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Ciena shops for photonic technology for line-side edge  

Briefing: DWDM developments

Part 3: Acquisitions and silicon photonics

Ciena is to acquire the high-speed photonics components division of Teraxion for $32 million. The deal includes 35 employees and Teraxion’s indium phosphide and silicon photonics technologies. The systems vendor is making the acquisition to benefit its coherent-based packet-optical transmission systems in metro and long-haul networks.


Sterling Perrin

“Historically Ciena has been a step ahead of others in introducing new coherent capabilities to the market,” says Ron Kline, principal analyst, intelligent networks at market research company, Ovum. “The technology is critical to own if they want to maintain their edge.”

“Bringing in-house not everything, just piece parts, are becoming differentiators,” says Sterling Perrin, senior analyst at Heavy Reading.    

Ciena designs its own WaveLogic coherent DSP-ASICs but buys its optical components. Having its own photonics design team with expertise in indium-phosphide and silicon photonics will allow Ciena to develop complete line-side systems, optimising the photonics and electronics to benefit system performance.

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Next-generation coherent adds sub-carriers to capabilities

Briefing: DWDM developments

Part 2: Infinera's coherent toolkit 

Source: Infinera

Infinera has detailed coherent technology enhancements implemented using its latest-generation optical transmission technology. The system vendor is still to launch its newest  photonic integrated circuit (PIC) and FlexCoherent DSP-ASIC but has detailed features the CMOS and indium phosphide ICs support.

The techniques highlight the increasing sophistication of coherent technology and an ever tighter coupling between electronics and photonics.    

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BT makes plans for continued traffic growth in its core 

Briefing: DWDM developments

Part 1

Kevin Smith: “A lot of the work we are doing with the trials have demonstrated we can scale our networks gracefully rather than there being a brick wall of a problem.”

BT is confident that its core network will accommodate the expected IP traffic growth over the next decade. Traffic in BT’s core is growing at between 35 and 40 percent annually, compared to the global average growth rate of 20 to 30 percent. BT attributes its higher growth to the rollout of fibre-based broadband across the UK.

The telco is deploying 100-gigabit wavelengths in high-traffic areas of its network. “These are key sites where we're running out of wavelengths such that we need to implement higher-speed ones,” says Kevin Smith, research leader for BT’s transport networks. The operator is now trialling 200-gigabit wavelengths using polarisation multiplexing, 16-quadrature amplitude modulation (PM-16QAM).

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MultiPhy raises $17M to develop 100G serial interfaces

Start-up MultiPhy has raised U.S. $17 million to develop 100-gigabit single-wavelength technology for the data centre. Semtech has announced it is one of the companies backing the Israeli fabless start-up, the rest coming from venture capitalists and at least one other company.

MultiPhy is developing chips to support serial 100-gigabit-per-second transmission using 25-gigabit optical components. The design will enable short reach links within the data centre and up to 80km point-to-point links for data centre interconnect.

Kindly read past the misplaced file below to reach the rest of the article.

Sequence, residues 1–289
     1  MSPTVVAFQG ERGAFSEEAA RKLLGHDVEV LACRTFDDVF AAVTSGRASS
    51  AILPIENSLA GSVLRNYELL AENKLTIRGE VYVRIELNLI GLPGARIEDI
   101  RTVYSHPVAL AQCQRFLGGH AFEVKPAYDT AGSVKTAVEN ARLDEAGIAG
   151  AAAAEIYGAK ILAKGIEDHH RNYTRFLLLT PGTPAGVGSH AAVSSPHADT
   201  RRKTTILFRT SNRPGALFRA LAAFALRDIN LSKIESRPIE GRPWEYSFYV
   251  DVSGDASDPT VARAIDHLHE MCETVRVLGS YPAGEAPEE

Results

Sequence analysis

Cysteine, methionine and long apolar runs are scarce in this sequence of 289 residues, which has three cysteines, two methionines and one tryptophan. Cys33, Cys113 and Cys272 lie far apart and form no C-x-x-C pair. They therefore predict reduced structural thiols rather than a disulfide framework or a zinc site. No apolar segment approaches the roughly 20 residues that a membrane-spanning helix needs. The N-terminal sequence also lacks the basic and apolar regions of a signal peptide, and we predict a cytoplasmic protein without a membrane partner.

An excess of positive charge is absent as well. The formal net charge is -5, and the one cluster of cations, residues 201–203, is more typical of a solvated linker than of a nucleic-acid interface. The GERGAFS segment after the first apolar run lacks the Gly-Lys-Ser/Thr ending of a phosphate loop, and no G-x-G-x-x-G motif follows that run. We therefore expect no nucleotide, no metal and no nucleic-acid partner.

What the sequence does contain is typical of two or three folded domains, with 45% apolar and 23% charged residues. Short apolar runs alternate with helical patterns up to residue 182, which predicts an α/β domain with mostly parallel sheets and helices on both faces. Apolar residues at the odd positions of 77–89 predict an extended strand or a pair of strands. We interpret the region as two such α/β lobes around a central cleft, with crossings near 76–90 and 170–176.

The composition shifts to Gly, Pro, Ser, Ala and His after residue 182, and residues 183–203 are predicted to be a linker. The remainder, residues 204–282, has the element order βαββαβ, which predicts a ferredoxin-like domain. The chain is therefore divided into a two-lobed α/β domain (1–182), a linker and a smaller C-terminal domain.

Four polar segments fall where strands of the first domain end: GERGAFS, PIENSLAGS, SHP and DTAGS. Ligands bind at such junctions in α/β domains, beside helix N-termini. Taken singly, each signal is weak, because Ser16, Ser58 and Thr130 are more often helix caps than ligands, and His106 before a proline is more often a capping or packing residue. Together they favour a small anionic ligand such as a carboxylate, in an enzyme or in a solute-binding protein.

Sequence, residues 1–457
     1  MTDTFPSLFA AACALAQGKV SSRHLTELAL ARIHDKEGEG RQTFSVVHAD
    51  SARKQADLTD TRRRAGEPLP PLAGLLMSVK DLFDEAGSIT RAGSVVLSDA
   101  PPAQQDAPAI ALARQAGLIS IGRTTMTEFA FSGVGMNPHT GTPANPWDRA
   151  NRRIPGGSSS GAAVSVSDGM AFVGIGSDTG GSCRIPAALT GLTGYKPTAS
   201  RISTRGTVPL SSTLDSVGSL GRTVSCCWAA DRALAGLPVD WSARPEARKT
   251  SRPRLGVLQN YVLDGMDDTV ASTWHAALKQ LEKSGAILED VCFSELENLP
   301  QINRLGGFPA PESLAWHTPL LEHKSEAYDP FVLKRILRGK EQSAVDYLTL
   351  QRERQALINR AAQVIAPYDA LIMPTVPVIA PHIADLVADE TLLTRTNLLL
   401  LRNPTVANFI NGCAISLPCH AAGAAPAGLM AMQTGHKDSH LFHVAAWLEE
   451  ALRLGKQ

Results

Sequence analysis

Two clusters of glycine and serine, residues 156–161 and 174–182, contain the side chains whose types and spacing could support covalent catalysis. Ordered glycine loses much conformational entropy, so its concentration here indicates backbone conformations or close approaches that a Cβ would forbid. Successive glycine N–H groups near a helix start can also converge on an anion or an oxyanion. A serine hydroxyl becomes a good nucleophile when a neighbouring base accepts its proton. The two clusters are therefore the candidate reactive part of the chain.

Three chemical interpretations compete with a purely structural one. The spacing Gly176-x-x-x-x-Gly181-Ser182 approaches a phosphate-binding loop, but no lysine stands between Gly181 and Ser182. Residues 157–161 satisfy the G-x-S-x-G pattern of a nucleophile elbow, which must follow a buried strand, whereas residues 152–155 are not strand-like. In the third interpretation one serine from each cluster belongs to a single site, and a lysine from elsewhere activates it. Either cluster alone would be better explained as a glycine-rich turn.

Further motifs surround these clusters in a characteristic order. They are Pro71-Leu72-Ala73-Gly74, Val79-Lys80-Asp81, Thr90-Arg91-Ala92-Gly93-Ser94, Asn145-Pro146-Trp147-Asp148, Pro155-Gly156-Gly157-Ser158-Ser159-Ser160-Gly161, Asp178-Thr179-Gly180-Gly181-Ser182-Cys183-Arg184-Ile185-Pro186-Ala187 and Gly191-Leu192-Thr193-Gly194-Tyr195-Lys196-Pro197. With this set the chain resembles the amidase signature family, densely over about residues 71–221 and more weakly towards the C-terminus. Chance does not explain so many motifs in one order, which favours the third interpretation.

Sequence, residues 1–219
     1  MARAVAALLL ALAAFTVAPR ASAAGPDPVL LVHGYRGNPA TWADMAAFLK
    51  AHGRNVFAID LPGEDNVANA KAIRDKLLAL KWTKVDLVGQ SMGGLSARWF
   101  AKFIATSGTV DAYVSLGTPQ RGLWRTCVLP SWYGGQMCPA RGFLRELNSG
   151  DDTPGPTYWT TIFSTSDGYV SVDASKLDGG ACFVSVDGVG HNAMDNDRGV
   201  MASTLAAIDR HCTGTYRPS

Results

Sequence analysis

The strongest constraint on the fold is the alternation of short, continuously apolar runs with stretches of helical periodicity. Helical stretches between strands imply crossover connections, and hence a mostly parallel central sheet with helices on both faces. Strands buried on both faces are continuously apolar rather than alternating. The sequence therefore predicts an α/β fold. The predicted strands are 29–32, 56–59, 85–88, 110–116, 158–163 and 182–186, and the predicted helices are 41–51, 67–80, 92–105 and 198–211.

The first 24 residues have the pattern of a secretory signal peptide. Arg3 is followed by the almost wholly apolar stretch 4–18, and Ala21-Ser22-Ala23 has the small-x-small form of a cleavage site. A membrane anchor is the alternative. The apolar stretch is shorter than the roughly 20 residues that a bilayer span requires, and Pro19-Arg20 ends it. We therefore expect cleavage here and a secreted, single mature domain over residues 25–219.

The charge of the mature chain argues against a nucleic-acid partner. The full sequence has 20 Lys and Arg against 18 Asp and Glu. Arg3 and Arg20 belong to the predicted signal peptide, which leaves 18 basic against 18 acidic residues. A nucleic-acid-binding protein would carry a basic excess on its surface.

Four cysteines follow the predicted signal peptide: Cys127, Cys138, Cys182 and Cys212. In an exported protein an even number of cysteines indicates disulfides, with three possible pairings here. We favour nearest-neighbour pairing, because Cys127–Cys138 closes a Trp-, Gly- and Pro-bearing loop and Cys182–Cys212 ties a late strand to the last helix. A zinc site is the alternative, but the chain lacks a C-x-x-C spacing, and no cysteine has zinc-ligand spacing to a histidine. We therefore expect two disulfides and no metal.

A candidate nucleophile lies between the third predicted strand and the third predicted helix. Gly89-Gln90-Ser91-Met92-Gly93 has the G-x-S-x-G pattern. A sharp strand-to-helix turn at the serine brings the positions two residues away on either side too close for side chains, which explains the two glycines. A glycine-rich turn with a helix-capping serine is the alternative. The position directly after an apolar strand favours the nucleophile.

Source: MultiPhy


“It is not the same chip [for the two applications] but the same technology core,” says Avi Shabtai, the CEO of MultiPhy. The funding will be used to bring products to market as well as expand the company’s marketing arm.

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Books in 2015 - Final Part 

The final part of what industry figures have been reading in 2015 - Part 3 of 3

Sterling Perring, senior analyst, Heavy Reading  

My ambitions to read far exceed my actual reading output, and because I have such a backlog of books on my reading list, I generally don’t read the latest.

Source: The Age of Spiritual Machines

I have long been fascinated by a graphic from futurist Ray Kurweil which depicts the exponential growth of computing and plots it against living intelligence. The graphic is from Kurzweil’s 1999 book on artificial intelligence The Age of Spiritual Machines: When Computers Exceed Human Intelligence, which I read in 2015.

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Books in 2015 - Part 2

More book recommendations - Part 2 

Yuriy Babenko, senior network architect, Deutsche Telekom

The books I particularly enjoyed in 2015 dealt with creativity, strategy, and social and organisational development.

People working in IT are often right-brained people; we try to make our decisions rationally, verifying hypotheses and build scenarios and strategies. An alternative that challenges this status quo and looks at issues from a different perspective is Thinkertoys by Michael Michalko.

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Arista adds coherent CFP2 modules to its 7500 switch 

Arista Networks has developed a coherent optical transport line card for its 7500 high-end switch series. The line card hosts six 100 gigabit CFP2-ACO (analogue coherent optics) and has a reach of up to 5,000 km.


Martin Hull

Several optical equipment makers have announced ‘stackable’ platforms specifically to link data centres in the last year.

Infinera’s Cloud Xpress was the first while Coriant recently detailed its Groove G30 platform. Arista’s announcement offers data centre managers an alternative to such data centre interconnect platforms by adding dense wavelength-division multiplexing (DWDM) optics directly onto its switch. 

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